Is Blatter in danger?
Whenever the dirt starts flying, he is fond of painting himself as Saint Sepp, the whiter than white leader who must suffer the organisation's little devils.
But now he stands accused himself as next week's presidential election race descends into complete chaos and acrimony.
The charge - levelled against him by his rival for the post Mohamed Bin Hammam - is that he was aware of the payments being made to Caribbean football officials which have landed the Qatari in the dock for bribery.
Sources close to Bin Hammam have told me that the report submitted by Chuck Blazer contains two witness statements which state Blatter was aware of the payments. One is Fifa vice-president Jack Warner, who is also accused of orchestrating the bribes at the Caribbean Football Union meeting on 10 and 11 May.
The other is unknown. But Bin Hammam's argument is that if what he himself was doing was wrong, then Blatter is also guilty of breaking the rules because he should have reported it.
Leaving aside the fact that this appears to be an admission of guilt from Bin Hammam for one moment, this is clearly a serious charge.
And under article 16 of its ethics code - which states that the ethics committee must 'accept' any complaint from a member of the Fifa executive committee - Fifa had no choice but to open another inquiry into Blatter.
But on the surface it is extrenmely difficult to treat the two charges with the same seriousness. One involves handing out bundles of cash to buy votes for next week's election, the other is not acting to bring that act of malfeasance to the attention of the Fifa executive committee.
There is also an important point here about evidence. Chuck Blazer's report has been compiled by US lawyer John Collins and includes sworn affadavits. Bin Hammam seems to be basing his case against Blatter on his interpretation of one element of the evidence filed against him.
So while this is all extremely embarrassing for Blatter, it's possible that he could be cleared on Sunday by his own ethics committee while Bin Hammam is suspended.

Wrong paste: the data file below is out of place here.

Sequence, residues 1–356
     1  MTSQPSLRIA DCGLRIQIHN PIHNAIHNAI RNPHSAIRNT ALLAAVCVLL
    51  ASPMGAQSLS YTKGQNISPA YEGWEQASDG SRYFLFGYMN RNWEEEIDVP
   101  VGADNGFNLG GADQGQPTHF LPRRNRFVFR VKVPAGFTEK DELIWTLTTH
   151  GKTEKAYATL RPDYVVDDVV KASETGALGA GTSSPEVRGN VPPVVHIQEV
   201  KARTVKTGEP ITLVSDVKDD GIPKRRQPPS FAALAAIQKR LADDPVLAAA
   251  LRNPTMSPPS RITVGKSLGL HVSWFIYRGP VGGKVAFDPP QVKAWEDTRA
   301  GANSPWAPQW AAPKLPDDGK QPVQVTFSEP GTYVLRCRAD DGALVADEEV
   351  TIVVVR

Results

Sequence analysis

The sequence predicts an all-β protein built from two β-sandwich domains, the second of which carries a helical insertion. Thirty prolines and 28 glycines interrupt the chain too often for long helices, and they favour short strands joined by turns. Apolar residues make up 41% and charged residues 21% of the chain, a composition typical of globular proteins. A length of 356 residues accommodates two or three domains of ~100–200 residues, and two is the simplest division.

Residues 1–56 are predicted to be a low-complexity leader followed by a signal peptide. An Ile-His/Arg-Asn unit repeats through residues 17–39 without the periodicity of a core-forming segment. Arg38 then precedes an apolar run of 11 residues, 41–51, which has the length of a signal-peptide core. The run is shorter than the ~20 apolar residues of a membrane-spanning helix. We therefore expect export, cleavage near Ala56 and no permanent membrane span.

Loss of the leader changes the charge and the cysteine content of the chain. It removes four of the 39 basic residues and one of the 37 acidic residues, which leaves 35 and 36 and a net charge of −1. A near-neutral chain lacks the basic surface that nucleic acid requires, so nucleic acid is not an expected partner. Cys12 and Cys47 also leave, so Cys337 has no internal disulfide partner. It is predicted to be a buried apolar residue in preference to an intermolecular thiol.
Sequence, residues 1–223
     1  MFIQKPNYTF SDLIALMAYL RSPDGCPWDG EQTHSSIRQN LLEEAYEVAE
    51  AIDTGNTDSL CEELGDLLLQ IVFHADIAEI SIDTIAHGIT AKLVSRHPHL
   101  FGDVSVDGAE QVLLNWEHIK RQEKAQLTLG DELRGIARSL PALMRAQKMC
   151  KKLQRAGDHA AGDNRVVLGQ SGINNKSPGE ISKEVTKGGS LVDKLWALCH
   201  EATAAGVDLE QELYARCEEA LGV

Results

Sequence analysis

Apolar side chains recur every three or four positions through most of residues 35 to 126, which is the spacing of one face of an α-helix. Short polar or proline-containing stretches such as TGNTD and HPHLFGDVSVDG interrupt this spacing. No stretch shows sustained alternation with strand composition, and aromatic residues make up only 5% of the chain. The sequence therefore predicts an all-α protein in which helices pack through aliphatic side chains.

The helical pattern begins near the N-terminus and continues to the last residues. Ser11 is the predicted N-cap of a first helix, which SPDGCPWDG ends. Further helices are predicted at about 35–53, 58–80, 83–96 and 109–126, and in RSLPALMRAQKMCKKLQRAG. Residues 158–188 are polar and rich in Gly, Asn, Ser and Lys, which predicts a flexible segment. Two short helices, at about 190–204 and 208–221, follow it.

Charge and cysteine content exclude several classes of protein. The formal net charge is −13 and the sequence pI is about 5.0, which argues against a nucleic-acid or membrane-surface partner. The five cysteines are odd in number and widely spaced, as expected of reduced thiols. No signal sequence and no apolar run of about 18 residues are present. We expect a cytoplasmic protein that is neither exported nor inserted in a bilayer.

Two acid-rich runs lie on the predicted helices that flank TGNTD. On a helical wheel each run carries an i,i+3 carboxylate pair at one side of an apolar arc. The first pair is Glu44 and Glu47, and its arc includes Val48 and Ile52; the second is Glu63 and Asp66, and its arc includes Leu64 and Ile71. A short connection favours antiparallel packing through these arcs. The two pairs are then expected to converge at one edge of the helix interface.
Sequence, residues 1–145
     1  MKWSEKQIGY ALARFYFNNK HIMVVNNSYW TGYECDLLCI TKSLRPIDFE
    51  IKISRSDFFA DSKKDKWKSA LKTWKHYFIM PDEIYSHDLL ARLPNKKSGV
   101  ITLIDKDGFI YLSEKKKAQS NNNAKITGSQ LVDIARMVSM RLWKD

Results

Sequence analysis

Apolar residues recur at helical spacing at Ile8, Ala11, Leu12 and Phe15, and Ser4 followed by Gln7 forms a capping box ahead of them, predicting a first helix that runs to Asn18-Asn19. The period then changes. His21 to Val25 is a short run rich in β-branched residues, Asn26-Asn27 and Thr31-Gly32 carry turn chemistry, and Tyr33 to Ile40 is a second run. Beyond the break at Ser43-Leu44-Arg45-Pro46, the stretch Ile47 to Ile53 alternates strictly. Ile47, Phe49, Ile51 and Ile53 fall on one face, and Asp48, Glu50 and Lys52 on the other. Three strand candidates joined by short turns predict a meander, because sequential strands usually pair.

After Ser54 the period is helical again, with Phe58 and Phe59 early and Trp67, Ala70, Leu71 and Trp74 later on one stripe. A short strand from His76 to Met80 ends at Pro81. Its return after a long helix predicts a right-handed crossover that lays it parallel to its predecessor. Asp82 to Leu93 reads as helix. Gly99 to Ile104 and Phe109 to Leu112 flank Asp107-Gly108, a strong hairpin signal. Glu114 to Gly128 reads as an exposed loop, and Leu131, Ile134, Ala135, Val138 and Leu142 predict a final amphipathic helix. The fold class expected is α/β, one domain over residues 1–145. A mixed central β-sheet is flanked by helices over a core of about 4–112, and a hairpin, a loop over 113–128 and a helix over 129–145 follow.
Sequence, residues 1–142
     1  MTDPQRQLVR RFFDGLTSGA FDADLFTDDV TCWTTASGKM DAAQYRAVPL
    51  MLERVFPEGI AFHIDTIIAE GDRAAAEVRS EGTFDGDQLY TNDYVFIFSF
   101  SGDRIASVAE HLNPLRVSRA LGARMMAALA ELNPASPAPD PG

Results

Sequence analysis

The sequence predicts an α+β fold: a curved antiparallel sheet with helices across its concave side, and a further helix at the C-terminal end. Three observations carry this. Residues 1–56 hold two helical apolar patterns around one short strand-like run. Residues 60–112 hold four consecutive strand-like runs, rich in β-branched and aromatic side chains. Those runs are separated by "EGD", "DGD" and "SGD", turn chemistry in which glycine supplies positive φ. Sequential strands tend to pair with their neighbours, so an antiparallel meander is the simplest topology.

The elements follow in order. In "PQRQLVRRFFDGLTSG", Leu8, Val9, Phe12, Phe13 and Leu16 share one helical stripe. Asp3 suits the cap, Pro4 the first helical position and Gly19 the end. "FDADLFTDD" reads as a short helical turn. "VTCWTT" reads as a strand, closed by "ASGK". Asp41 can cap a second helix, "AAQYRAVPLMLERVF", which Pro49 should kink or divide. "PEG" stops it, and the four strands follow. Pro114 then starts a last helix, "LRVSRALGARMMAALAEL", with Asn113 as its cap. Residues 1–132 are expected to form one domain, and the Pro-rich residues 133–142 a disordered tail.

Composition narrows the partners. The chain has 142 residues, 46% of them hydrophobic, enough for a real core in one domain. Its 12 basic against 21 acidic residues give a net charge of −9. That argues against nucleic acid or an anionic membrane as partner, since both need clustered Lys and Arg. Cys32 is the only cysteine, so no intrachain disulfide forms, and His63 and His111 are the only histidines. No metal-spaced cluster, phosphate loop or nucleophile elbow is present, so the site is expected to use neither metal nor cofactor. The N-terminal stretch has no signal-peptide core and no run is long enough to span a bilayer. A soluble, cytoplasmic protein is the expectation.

He will then make the case to the Fifa congress that he has been exonerated and should now be given four more years to clean up the governing body.
But this raises two other crucial questions.
Has Fifa's ethics committee really got enough time to consider all these charges properly?
And given Fifa's tarnished reputation, can it really be expected to carry out the thorough investigation which is clearly needed. Is it not high time the Swiss authorities intervened?
On top of all thiis comes the FA's own report on the corruption claims made by former chairman Lord Triesman.
The results of lawyer James Dingemans' inquiry were sent to Fifa general secretary Jerome Valcke on Friday afternoon. He is believed to have found some evidence to back up Triesman's claims against four Fifa executives - including an e-mail from Jack Warner which I reported on Thursday.
The Dingemans report is a minor tremor compared to the earthquake caused by Blazer's far more serious bribery claims but Fifa is probably going to have open yet more lines of inquiry.
It's a mess and if Fifa is to retain one iota of credibility it should call a halt to next week's election now.